Similarly, you can incorporate flexplace into your workplace policy – this allows employees to choose where they work, whether that be in the office or from the comfort of their own home. Policies such as these relieve strict time pressures and deadlines which can help with a person’s gut-related anxiety.

How can good gut health improve employee workplace satisfaction and benefit both employers and employees?

Our gut is responsible for regulating our mood and energy levels, by encouraging good gut health practices within the workplace– in return, you are met with employees who feel more energised and are more motivated to take on the working day. This can encourage overall workplace satisfaction, which will not only reduce downtime for your company – you may also find that overall working performance and efficiency have been improved within your workforce. This benefits your business both internally and externally – as your department is able to focus more on external benchmarking goals, allowing you to contend with other organisations and contend with business growth.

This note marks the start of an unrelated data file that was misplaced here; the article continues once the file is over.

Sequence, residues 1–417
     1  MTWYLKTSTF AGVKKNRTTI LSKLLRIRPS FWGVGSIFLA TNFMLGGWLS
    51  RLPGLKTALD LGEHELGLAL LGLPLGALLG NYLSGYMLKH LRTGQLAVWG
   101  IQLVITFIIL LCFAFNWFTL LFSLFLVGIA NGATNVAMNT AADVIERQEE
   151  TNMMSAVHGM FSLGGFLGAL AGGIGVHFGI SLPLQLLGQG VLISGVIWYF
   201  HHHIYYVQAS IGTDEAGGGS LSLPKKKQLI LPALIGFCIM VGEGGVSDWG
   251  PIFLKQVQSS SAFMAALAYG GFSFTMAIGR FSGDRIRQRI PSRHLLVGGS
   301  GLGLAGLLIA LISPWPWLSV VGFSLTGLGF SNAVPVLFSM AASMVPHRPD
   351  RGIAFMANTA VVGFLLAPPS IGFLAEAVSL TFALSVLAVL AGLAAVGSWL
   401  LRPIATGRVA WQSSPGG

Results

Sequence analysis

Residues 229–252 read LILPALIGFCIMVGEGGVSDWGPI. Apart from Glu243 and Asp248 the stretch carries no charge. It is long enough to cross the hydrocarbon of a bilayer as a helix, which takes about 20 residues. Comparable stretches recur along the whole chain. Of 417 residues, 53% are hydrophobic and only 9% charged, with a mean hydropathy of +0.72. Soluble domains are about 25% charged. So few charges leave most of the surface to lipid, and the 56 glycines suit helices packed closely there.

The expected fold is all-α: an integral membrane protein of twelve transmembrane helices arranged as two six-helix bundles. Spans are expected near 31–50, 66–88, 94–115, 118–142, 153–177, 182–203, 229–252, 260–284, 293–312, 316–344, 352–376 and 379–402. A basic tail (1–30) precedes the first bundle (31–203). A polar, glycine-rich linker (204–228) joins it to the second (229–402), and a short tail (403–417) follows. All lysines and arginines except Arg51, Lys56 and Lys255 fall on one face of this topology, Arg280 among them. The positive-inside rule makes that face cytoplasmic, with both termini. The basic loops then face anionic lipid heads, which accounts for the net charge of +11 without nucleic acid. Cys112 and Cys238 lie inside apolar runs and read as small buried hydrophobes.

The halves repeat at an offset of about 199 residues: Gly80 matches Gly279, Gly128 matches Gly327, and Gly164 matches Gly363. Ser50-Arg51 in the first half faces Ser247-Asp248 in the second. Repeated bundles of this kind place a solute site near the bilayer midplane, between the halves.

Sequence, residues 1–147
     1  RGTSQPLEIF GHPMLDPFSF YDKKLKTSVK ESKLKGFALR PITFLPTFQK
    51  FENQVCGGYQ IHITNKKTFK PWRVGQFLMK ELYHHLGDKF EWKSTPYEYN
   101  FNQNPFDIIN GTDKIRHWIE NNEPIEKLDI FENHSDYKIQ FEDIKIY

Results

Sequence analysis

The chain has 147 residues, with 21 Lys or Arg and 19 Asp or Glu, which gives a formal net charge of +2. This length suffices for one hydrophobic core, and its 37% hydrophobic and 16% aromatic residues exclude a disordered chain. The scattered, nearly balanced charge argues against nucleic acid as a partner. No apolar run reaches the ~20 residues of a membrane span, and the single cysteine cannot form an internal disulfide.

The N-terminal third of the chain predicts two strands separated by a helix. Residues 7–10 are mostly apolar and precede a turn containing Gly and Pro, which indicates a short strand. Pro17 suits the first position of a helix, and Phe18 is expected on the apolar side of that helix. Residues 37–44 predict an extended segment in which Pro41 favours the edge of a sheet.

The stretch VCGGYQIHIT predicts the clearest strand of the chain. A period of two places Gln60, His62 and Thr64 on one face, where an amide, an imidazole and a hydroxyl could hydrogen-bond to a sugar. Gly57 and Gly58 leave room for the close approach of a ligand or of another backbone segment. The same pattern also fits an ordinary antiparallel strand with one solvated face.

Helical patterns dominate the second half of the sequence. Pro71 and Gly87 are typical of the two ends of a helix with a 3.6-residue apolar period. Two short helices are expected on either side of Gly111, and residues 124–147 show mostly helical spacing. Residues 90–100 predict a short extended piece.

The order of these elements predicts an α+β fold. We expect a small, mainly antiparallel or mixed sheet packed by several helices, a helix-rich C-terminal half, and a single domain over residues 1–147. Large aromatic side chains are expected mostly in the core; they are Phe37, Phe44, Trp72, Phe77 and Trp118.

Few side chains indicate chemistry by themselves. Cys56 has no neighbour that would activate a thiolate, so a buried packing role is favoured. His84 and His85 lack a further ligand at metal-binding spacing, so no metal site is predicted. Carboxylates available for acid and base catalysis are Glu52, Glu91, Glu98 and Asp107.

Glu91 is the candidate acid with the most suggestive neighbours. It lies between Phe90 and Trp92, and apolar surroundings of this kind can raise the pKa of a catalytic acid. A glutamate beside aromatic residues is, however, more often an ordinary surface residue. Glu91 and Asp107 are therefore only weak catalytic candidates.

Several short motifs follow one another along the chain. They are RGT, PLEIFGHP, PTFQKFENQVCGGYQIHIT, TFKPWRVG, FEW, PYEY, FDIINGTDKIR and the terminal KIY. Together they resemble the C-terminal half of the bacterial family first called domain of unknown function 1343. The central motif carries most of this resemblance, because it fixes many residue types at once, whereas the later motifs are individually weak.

What steps can businesses take to encourage and facilitate a healthy diet for employees?

If you want to promote a healthy diet for your employees, there are various ways this can be done. One way is to host wellness workshops which inform your employees about the importance of healthy food choices for their gut health and also provide them with different recipes to try. It’s also good practice to provide your workforce with healthy snack choices in the office – this could be a fruit bowl, vegan and gluten-free options and healthy drinks such as kombucha. If your office has a cafeteria, ensure they are providing a versatile menu which has plenty of healthy options.